Getting to the Bottom of the Bottomley Case?July 24, 2013
By JP Ellison –
Last week, John Roth, the Director of FDA’s Office of Criminal Investigations posted on FDA’s blog, FDA Voice. His post concerned a criminal case that had interested us about a Montana resident who had pled guilty and been sentenced on a single count of misprision of a felony in connection with the import of counterfeit Avastin. In his post Mr. Roth demonstrated yet again that the government can pursue its enforcement agenda not only at all phases of the civil and criminal cases, but also in the court of public opinion. Individuals and companies who find themselves in FDA’s crosshairs need to understand all the tools available to FDA.
Misprision of a felony is a federal crime, punishable by a maximum three (3) year term of imprisonment, that one most frequently sees in connection with plea agreements. Generally speaking, the elements of the crime are that a federal felony was committed, the defendant knew about the felony, failed to report it to authorities, and took some steps to conceal it. While each plea negotiation is unique, the prevalence of misprision as a charge in pled cases – as opposed to jury trials – may be explained by the fact that the charge secures a felony conviction for the government without a defendant admitting to active participation in the underlying crime. For those blog readers familiar with the Park doctrine (see here) and repeated government statements that they will increasingly seek to hold responsible corporate officers criminally liable for the acts of their companies (see here), misprision might be considered the Park doctrine on steroids, holding anyone with knowledge of a crime responsible if they fail to report and conceal it.
Getting back to Bottomley, he had pled guilty to misprision in April of this year, and was sentenced earlier this month. Bottomley’s case arose out of an extensive federal investigation into the import of unapproved foreign drugs and/or counterfeit drugs that spanned several continents. From publicly available documents, it appears that Bottomley was actively involved in the import of unapproved drugs, but had no involvement in the import of a counterfeit version of what is marketed in this country as Avastin.
Bottomley had been the owner of a company that had imported and distributed foreign versions of U.S. drugs. He had sold his company in 2010. After the sale the new ownership expanded the catalog of drugs that they imported. Although Bottomley remained involved with his former company as a consultant, the government agreed that Bottomley “had no involvement in the importation or distribution of counterfeit Avastin.” Presumably, this lack of involvement helps explain the misprision plea.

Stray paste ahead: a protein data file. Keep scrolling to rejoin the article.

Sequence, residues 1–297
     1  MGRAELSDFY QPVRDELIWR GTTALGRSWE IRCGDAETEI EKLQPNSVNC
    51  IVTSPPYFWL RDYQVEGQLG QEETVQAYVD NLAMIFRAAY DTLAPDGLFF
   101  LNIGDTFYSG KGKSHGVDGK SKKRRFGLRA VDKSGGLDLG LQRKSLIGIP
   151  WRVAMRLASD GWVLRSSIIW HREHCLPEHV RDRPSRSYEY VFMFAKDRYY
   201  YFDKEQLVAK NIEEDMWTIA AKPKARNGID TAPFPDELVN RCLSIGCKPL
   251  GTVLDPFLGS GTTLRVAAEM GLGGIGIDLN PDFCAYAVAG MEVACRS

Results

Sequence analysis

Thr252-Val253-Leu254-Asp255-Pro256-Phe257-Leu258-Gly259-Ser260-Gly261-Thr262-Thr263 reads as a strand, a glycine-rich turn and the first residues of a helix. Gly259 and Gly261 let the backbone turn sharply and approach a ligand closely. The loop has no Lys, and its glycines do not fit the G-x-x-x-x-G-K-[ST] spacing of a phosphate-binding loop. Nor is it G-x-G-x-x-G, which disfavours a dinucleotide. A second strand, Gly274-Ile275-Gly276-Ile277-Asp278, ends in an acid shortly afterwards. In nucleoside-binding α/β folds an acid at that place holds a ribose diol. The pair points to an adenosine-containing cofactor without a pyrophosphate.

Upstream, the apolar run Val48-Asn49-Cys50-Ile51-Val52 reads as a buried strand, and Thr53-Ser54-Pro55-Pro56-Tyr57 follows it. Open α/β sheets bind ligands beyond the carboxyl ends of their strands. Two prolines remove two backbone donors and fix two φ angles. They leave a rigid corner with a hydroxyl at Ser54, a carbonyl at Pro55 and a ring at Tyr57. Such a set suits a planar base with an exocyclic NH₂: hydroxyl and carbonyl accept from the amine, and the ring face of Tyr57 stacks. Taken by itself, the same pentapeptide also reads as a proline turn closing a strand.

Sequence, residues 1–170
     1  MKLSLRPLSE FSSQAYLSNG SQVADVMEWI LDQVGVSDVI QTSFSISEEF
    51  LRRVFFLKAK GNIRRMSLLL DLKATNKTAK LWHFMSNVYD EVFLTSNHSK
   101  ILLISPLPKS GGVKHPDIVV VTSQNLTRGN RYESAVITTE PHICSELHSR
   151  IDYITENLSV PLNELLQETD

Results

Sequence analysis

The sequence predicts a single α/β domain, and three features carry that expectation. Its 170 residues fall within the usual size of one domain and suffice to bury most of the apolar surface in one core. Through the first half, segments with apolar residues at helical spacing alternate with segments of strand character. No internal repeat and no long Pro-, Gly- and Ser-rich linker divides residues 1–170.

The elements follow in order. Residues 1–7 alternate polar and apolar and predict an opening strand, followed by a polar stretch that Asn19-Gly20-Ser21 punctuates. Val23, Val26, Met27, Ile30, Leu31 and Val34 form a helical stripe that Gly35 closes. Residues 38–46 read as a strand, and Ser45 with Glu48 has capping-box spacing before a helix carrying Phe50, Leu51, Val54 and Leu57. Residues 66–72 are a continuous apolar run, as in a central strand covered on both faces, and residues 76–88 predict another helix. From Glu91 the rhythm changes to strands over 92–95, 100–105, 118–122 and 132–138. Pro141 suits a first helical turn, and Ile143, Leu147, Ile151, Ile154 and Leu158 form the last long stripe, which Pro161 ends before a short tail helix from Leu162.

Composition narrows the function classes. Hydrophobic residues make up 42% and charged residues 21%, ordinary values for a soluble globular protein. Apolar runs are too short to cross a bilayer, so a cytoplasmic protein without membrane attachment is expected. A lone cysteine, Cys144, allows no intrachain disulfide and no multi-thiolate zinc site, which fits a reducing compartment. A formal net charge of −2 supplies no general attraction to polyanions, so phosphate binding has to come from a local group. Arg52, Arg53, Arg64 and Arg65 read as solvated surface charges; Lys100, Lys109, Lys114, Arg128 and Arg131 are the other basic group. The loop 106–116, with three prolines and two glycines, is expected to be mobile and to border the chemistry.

Despite the plea agreement, even back in April, Bottomley presumably knew that FDA OCI and Mr. Roth didn’t embrace the picture of Bottomley as uninvolved in culpable conduct. In the same press release with the “no involvement” language, Mr. Roth is quoted as saying that Bottomley “violated the law by selling grey-market, unapproved pharmaceuticals” and the Montana U.S. Attoney said Bottomley “sold potentially dangerous unapproved and misbranded pharmaceuticals at discounted prices to American physicians all for a healthy profit,” none of which was the basis for his guilty plea. In addition to his criminal case, the government had pursued, and Bottomley agreed to, a civil forfeiture of several million dollars of Bottomley’s assets based on a prosecution theory that required his active involvement in a crime.
Even though Bottomley apparently cooperated with the larger criminal investigation, his sentencing was a contested one, with the government seeking a term of a year imprisonment and Bottomley arguing that he’d already been punished enough. The court rejected the government’s call for prison time and imposed a sentence of 5 years of probation with 6 months of home confinement and 200 hours of community service. Despite its setback in the sentencing phase of the criminal case, the government reiterated its view of Bottomley in its sentencing press release and on its blog, with Mr. Roth stating that Bottomley was “sentenced as a result of his participation in the wholesale marketing of unapproved and misbranded cancer medications.”
The Bottomley case is notable, not because it is exceptional, but rather because it reflects the complexities of most FDA investigations. We have previously posted about cases in which the government accepted an FDC Act misdemeanor plea but nevertheless attempted to prove fraud at sentencing. It should come as no surprise that federal prosecutors will use all the tools available to them in pursuit of their enforcement agenda. The Bottomley case is a reminder that there are a number of angles to an FDA investigation, including but not limited to contested sentencings, civil forfeitures, and last but often not least, the battle in the court of public opinion.